Security issues, data privacy, the acquisition process, standards and service level agreements were among the chief issues that feds grapple with.
Cloud computing will fundamentally change the shared services model, National Business Center director predicts.
The 2,048-core system, nicknamed Longhorn, will be capable of 20.7 trillion floating-point operations per second, will help researchers keep pace with the explosive rate of data production, TACC officials said.
Agencies running stand-alone Fibre Channel-based Storage Area Networks may be able to reduce the amount of cabling snaking through their data centers, thanks to an emerging converged network protocol named Fibre Channel over Ethernet.
The fusion center approach used in antiterrorism operations could also be applied to other civilian uses, such as bridge and road monitoring and electronic business reporting.
If the latest semiannual round of security advisories from Cisco are any indication, DOS attacks continue to be a serious — and largely unsolvable — problem for networks.
The Defense Information Systems Agency plans to bolster security features embedded in its far-flung networks and data centers via several acquisition projects planned for the twilight of fiscal 2009.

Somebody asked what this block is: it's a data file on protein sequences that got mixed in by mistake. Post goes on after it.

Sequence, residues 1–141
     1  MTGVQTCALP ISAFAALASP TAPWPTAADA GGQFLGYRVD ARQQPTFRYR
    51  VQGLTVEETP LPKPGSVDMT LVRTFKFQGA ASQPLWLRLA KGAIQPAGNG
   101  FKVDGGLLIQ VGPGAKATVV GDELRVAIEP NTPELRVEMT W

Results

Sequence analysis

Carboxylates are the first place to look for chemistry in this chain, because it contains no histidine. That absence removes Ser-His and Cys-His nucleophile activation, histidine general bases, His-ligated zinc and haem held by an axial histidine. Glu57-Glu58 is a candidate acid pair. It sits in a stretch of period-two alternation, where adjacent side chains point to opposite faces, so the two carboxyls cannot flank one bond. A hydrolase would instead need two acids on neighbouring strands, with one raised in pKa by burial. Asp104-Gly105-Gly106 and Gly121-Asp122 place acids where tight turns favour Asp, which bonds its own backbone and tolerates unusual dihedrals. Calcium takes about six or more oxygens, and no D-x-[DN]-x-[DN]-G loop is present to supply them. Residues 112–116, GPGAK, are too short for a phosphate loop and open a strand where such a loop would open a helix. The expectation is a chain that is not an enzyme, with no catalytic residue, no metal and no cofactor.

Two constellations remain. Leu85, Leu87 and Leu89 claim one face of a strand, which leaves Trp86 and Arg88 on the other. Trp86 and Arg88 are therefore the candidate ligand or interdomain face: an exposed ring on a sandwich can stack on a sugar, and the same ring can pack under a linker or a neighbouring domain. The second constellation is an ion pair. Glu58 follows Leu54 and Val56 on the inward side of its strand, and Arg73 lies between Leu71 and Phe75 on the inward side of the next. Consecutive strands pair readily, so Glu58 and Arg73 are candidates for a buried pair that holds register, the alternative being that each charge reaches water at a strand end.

A storefront for the federal government will let agencies acquire cloud computing technology as easily as consumers can sign up for Gmail accounts.
Defense Department officials want to know whether virtualization technology can make DOD’s networks more secure and easier to manage.
Microsoft's Ron Markezich talks about what federal CIOs should keep in mind as they weigh the merits of a future in the cloud, including which applications are suitable for the cloud and the importance of identity management.
After a crashed RAID storage unit threatened to disrupt life at Shaw Air Force Base, DriveSavers was able to resurrect data from the failed system.
Application provider Partnet helped with transition to .mil address.